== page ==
WIKIMEDIA, FRANCISCO GASCOPaleontologists have debated the body temperature of dinosaurs for decades. Some have suggested that the extinct reptiles were cold-blooded, or exothermic, like their modern kin. But others propose that dinos were warm-blooded, or endothermic, like the birds that evolved from them. A new chemical analysis can get researchers closer than ever to answering the question of body temperature for an individual dinosaur.
Publishing their findings this week (October 13) in Nature Communications, an international team used a technique that considers the structure of isotope clusters in fossilized eggshells to estimate the average body temperatures of the dinosaurs that laid them. “This is just the beginning, and the first application of this technique,” study coauthor Robert Eagle of the University of California, Los Angeles, told The Christian Science Monitor. “There is a huge array of questions that can be asked.”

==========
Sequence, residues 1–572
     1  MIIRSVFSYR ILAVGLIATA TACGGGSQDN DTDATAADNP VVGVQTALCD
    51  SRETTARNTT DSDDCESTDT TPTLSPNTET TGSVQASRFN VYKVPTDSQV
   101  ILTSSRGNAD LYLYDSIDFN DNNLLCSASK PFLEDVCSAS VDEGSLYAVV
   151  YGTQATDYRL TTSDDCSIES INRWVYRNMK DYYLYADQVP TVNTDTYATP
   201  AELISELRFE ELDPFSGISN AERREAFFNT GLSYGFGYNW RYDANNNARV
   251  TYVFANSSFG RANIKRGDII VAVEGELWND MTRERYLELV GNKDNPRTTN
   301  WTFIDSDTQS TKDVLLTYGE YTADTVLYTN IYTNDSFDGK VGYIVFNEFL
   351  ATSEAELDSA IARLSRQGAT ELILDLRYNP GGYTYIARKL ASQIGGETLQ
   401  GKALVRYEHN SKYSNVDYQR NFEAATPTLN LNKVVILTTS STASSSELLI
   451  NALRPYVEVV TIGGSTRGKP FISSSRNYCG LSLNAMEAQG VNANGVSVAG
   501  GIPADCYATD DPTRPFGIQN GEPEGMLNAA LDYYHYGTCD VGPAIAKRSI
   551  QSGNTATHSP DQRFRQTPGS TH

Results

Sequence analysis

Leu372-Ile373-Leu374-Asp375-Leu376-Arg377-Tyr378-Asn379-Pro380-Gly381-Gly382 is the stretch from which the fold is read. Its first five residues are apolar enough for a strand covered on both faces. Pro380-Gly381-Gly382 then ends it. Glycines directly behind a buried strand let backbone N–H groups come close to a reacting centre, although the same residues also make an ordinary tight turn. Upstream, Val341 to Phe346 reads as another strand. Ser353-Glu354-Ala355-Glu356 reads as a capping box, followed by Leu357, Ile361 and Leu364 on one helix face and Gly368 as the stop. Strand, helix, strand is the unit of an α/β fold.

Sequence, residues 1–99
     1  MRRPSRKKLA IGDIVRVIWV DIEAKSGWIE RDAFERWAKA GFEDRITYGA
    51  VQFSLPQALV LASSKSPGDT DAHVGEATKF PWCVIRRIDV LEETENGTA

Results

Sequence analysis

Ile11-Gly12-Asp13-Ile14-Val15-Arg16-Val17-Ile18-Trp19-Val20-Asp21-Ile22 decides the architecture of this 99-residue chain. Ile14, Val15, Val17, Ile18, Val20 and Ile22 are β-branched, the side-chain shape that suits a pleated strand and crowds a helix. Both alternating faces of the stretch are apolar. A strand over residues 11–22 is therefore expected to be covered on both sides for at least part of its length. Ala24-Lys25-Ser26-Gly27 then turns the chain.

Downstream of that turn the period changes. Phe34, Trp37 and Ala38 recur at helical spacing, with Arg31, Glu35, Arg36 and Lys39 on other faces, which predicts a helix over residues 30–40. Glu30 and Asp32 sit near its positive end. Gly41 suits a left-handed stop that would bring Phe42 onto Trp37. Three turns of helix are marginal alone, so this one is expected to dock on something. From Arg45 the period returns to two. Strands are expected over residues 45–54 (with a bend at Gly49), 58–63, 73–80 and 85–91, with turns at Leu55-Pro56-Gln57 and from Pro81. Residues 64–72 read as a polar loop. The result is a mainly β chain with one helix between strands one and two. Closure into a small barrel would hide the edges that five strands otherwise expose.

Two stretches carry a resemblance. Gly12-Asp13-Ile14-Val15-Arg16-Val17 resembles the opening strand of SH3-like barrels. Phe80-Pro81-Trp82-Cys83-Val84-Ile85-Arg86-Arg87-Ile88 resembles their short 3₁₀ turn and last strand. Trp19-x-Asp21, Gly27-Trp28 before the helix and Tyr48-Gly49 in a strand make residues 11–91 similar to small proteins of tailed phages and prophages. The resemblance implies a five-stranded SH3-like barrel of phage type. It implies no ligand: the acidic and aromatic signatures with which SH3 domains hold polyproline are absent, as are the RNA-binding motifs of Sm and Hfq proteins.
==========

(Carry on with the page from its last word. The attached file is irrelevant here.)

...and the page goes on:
Eagle and his colleagues used a mass spectrometer to measure the clustering of carbon-13 and oxygen-18 in modern eggs from birds and reptiles and fossilized eggs from several species of dinosaurs. The isotopes cluster more at cold temperatures and less at warmer temperatures. The team found that large sauropods were likely warm-blooded, with body temperatures pushing 100° F, while smaller theropods, such as oviraptors, were below 90° F. “The temperatures we measured suggest that at least some dinosaurs were not fully endotherms (warm-blooded) like modern birds,” Eagle said in a statement. “They may have been intermediate—somewhere between modern alligators and crocodiles and modern birds.”
The technique will now likely go through further validation studies to ensure that it captures a realistic representation of the body temperatures of ovulating animals.